To be diagnosed as having a mental illness usually implies that one has not only been plagued with the relevant symptoms of a condition for a significant period of time (ranging from a few weeks to several months), but that one has also suffered impairments in social, leisure and occupational areas of functioning. Therefore, when doctors talk of recovery, they refer to the recovery made in these crucial areas of functioning. What “recovery” means to the individual sufferer, is however an entirely different story, and may differ vastly in meaning from one person to another. What researchers such as Blanch, Fisher, Tucker and Chassman (undated) agree upon, is that woven into the process of recovery is the construction of meaning, and the ability to find something instructive about one’s personal experience of illness. From the numerous accounts derived from individuals who have recovered from various mental illnesses, researchers have succeeded in identifying common themes pervasive in all.

1. Firstly, what is more or less agreed upon is that recovery is an active, ongoing and individual process, that takes many forms and occurs internally. It may also present as being very distinct from the treatment one may have been prescribed to deal with the disorder.

2. Recovery refers not only to the cessation of symptoms, but also to the overcoming of secondary damage brought about by the stigma, discrimination and abuse one may have encountered during the experience of being ill.

3. Hope is possibly the most essential factor in ensuring one’s recovery from an illness.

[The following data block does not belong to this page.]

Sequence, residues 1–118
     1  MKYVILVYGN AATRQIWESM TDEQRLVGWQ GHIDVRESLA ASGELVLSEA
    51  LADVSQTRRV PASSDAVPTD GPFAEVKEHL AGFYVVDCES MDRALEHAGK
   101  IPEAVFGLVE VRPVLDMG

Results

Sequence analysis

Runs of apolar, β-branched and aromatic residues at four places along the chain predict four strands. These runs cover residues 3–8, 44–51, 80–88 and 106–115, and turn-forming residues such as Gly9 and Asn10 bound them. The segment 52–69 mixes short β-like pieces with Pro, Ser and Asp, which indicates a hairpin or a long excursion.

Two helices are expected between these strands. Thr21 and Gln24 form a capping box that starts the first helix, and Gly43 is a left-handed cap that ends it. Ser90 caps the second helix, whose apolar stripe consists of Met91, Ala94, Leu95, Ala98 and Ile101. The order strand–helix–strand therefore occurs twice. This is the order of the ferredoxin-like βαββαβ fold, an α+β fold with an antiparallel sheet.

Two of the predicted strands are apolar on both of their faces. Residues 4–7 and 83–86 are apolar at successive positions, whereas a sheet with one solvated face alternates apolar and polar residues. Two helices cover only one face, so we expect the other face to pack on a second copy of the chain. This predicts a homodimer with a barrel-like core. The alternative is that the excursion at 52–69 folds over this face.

4. Critical to recovery is the establishment of a sense of control or free will. This ties in with recovery being an active process, demanding both time and dedication.

5. In addition to learning from doctors and other informed individuals it is also important to learn from observing one’s own past and present, mental and emotional behaviour. Problems may appear repeatedly, often giving the appearance of little progress having been made across time. However, upon closer inspection, incremental learning may have in fact taken place.

6. A possible consequence of mental illness is disinterest in activities that one previously enjoyed or found satisfying. It is consequently extremely important that one attempts to maintain both the activities and relationships that one valued before, during and after one’s illness. Don’t give up anything you enjoy!

7. Help need not lie only in professional spheres. Self-help books which teach effective coping strategies have also been found to be highly beneficial. Teaching oneself relaxation techniques, for instance, may ease one’s anxiety in terms of stress reduction.

8. Joining a support group, or even helping to run a support group in your own area, may provide a means of eroding the sense of isolation that is often felt when one is mentally ill. This may even prove a rewarding and satisfying experience in its own right. Organisations like the Depression and Anxiety Support Group can help in this regard, in addition to providing information, referrals, as well as telephonic counselling and support to those in need.

9. The final, and perhaps most integral aspect of recovery, is the process of deriving meaning from one’s experience of illness. It is the ability of some individuals to extract something helpful or personally relevant from their experience of being ill, that appears to be the most critical component of the recovery process.